Our second day in Tuscany and we are off to Montepulciano, a quintessential Tuscan hill top town, famous for its wine in the Orcia Valley, a World Heritage designated area. After a great drive through mountains, valleys and vineyards we arrived in Montepulciano and were ushered into the main square (in a totally pedestrian zone) to park our cars. Needless to say, we drew a HUGE crowd of gawkers!
While I was taking pix of the cars, I did what I always warn people not to do…. set my 35mm camera down while I shot some video on my GoPro. One minute later, when I finished, I reached down to get my camera and it was gone! Never take your eyes off your stuff even for a minute. I deserved what I got but am now relegated to shooting photos with my iPhone. It is not nearly as flexible, so we shall see. The shot below in the plaza was the first on the iPhone, sadly the rest from earlier in the day are lost.
We had a guided tour of the local church and the wine cellars and then were obliged to leave as our parking permit was limited.
Our cars parked in the central square, minus a couple of stragglers, one with a transmission problem, now solved.
As it happens, my daughter is in a one-week cooking school in the town of Montefollonico, only 8km away, so I split from our group to go look for her. After a torturous drive up a very steep, scrabble paved hill, I found a town quite a bit bigger than I expected and never did find her or her hotel. But I will meet up with her later as you will see in subsequent blogs.
From there our recommended second stop for lunch was the town of Pienza, the first town to be granted World Heritage status in the area. Since the rest of the group had a good head start on me, I cruised around the town looking for Jags, to no avail. So, I stopped at a little place just out of town for lunch on my own and was not disappointed. See below. Wanting something light for lunch after all the heavy meals so far, I ordered the Caprese salad. It was huge, probably 1.5 lbs. , but delicious. Check out that tomato Cindi!
Again, a nice drive back to the hotel on good roads, and then another big dinner, but only three courses! Total drive for the day 180 km or about 120 miles.
Our third day involved a trip to San Gimignano with an enroute stop at the San Galgano Abbey. The abbey is where the movie English Patient was filmed and is one of the best preserved (ruins) of Gothic style in Italy. Construction started in 1220 and it wasn’t until 1474 that it was abandoned by the Cistern monks who lived there after a serious incidence of the Black Plague. In the 1786 lightning struck the bell tower, which collapsed onto the remains of the roof and brought it down. Now a shell, it is very eerie to walk through what was obviously a marvelous cathedral in its day.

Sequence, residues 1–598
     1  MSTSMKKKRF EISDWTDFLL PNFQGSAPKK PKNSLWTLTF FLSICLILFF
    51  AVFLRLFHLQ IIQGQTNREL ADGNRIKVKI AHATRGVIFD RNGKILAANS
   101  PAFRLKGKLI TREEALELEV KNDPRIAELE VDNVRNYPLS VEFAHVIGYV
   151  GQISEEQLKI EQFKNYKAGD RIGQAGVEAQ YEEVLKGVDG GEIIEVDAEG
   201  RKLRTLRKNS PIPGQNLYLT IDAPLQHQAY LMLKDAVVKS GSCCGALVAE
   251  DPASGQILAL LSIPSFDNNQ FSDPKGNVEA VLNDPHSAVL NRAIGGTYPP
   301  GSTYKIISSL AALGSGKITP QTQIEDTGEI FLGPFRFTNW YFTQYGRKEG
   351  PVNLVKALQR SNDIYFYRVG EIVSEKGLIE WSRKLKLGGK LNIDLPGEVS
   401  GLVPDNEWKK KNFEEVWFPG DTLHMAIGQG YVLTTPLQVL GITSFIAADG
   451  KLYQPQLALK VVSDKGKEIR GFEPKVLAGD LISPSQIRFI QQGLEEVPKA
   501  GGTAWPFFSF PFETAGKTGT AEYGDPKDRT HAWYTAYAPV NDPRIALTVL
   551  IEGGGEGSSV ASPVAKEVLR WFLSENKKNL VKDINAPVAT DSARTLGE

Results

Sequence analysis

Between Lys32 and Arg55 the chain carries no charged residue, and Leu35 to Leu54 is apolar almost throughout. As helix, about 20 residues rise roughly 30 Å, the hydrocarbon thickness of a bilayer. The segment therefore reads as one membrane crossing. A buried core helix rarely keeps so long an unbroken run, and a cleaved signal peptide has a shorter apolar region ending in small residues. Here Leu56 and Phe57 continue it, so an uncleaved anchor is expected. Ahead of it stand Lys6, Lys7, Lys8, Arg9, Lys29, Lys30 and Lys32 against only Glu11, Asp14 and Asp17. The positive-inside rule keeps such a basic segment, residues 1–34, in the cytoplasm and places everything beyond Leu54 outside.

Nearby is the Emro (chapel) di Motesiepi, a small but interesting circular structure. The highlight is a sword stuck in a stone. Legend is that the saint for whom the abbey and chapel are dedicated (and who died in 1181), was a fierce warrior who renounced his warlike ways to retire to the hill and pursue a hermit’s life. He stuck his sword in the stone to prove his change of heart. By the way, “nearby” is a relative term. The sign said 500 meters, but I think it meant 500 meters UP! What a walk.
The sword in the rock
From the Abbey it was a 65km drive to San Gimignano, the so called “skyscraper” city. Another hill town (this one accessed by a long uphill walk from the parking lot), is renowned for its towers. In Medieval times, these towers were used for personal defensive purposes. Families lived on the lower floors and adjacent palaces, but the top floors were accessible only by ladders, which could be pulled up in the event of an attack, thereby allowing the families refuge. At one time there were over 70 towers in the town, now only 17 remain, but that is the most of any town in Italy. Most of these are in the vicinity of 50 meters (150 feet) high and a family’s wealth and status were reflected in the size and height of their tower.
Here we had another guided tour and experienced how life must have been hard in hill towns. There isn’t a flat square inch and only one direction…. up! We climbed to the very top and calves were aching that night, but the views were incredible.
After lunch, another great drive home. This is real driver’s country, with views around every corner, and there are lots of corners.
One of the museums in the town had an incredible model of the city as it was in the 1400’s. The detail was amazing and the pix don’t do it justice.
Proof I climbed to the top, but looks like I could stand to do it a few more times if I am going to keep eating like this. Need to get back to the GYM!
As I mentioned in the last blog, one couple in our group has done dozens of rallies, including many long distance ones. Below are some of their rally stickers, but not nearly all the impressive ones. They estimate they have done 80,000 miles on long distance tours in their XK150 and finished every one of them without a catastrophic mechanical problem! Meanwhile, my baby keeps rolling on!
Tomorrow it’s off to Siena (by bus), for a full day tour and lunch at one of the top gourmet restaurants in town. These guys don’t skimp on the food and wine.